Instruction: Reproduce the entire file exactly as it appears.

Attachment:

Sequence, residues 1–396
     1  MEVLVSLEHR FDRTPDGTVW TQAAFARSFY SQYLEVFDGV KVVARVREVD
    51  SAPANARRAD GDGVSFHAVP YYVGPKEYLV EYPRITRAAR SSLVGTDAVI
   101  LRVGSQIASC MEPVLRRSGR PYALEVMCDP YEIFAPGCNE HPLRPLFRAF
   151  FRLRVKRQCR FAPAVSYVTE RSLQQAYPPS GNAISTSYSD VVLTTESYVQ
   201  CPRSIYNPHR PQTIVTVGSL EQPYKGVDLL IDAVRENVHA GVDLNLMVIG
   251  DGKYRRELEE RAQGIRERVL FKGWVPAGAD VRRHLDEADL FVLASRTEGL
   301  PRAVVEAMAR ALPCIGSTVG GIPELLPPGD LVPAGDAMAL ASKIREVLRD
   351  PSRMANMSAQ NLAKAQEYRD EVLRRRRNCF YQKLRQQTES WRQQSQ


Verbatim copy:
Sequence, residues 1–396
     1  MEVLVSLEHR FDRTPDGTVW TQAAFARSFY SQYLEVFDGV KVVARVREVD
    51  SAPANARRAD GDGVSFHAVP YYVGPKEYLV EYPRITRAAR SSLVGTDAVI
   101  LRVGSQIASC MEPVLRRSGR PYALEVMCDP YEIFAPGCNE HPLRPLFRAF
   151  FRLRVKRQCR FAPAVSYVTE RSLQQAYPPS GNAISTSYSD VVLTTESYVQ
   201  CPRSIYNPHR PQTIVTVGSL EQPYKGVDLL IDAVRENVHA GVDLNLMVIG
   251  DGKYRRELEE RAQGIRERVL FKGWVPAGAD VRRHLDEADL FVLASRTEGL
   301  PRAVVEAMAR ALPCIGSTVG GIPELLPPGD LVPAGDAMAL ASKIREVLRD
   351  PSRMANMSAQ NLAKAQEYRD EVLRRRRNCF YQKLRQQTES WRQQSQ